Wrongful Termination FAQ Millions of Dollars Won

Wrongful Termination Q&A

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  • Am I protected from wrongful termination under federal law and state law?

    Yes, you are protected under both federal law and California state law. Applicable federal law is Title VII of the Civil Rights Act. California state law is covered under the Labor Code, Fair Employment Housing Act (FEHA) and the California Constitution. All employment claims should be brought under California state law since California state law offers far better protection.

  • What is considered wrongful termination in California?

    Wrongful termination means that you were terminated for illegal reasons.

  • What are examples of illegal reasons?

    If you were fired due to your status in a protected class, your termination was illegal. Protected classes include: 

    Race  
    Color  
    Religion  
    Ancestry  
    Nationality  
    Sex  
    Gender  
    Gender identity  
    Sexual orientation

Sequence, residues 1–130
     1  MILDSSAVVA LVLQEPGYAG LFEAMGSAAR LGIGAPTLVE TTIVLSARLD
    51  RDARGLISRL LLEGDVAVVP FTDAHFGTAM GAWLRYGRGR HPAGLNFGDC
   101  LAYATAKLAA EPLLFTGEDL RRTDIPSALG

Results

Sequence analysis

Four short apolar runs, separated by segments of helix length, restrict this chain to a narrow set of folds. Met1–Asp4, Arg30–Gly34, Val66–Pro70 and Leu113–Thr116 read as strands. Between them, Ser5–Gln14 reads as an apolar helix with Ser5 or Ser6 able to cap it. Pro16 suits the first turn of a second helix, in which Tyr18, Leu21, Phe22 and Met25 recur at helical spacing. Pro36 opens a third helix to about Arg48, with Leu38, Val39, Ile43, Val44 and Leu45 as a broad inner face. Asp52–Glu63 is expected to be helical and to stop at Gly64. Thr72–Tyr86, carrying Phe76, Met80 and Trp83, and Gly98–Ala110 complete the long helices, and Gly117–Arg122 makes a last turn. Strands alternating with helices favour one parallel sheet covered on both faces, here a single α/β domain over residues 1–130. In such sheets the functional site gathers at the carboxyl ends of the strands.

Marital status  
    Age  
    Military and veteran status  
    Physical disability  
    Mental disability  
    Medical condition  
    Genetic information

  • What are other examples of illegal reasons?

    If one has complained about discrimination, harassment based on discrimination, failure to comply with wage and hour laws, safe working conditions, breach of an employment agreement or other legal rights. Complaining about these things makes an employee exempt from retaliation, or adverse employment actions.

  • What is the statute of limitation to claim for wrongful termination?

    Generally, there is a one-year statute of limitation from the date of termination.

  • I have filed a claim and received a right to sue from FEHA. What does that mean?

    It means that you can file a claim in court. It does not mean that the FEHA believes that you have a valid claim.

  • What does it mean that California is an “at will” state?

    It means that any employer can fire you at will without notice or a reason unless you are a member of a union or have an employment agreement. However, the firing cannot be for any illegal reasons.

  • Can my employer fire me because he does not like me?

    Yes, unless the reason he does not like you is that of any illegal reasons—for example, your race, sex, nationality, disability or age.

  • What evidence do I have to have to win my case?

    Each case is different. I will personally discuss with you the facts of your case, what additional facts we need to find, the likelihood of prevailing and the money you may expect to receive as damages.

Please contact Mr. Newman for a free consultation. All representation is on a contingency basis, which means that there is no fee except the recovery against the employer.

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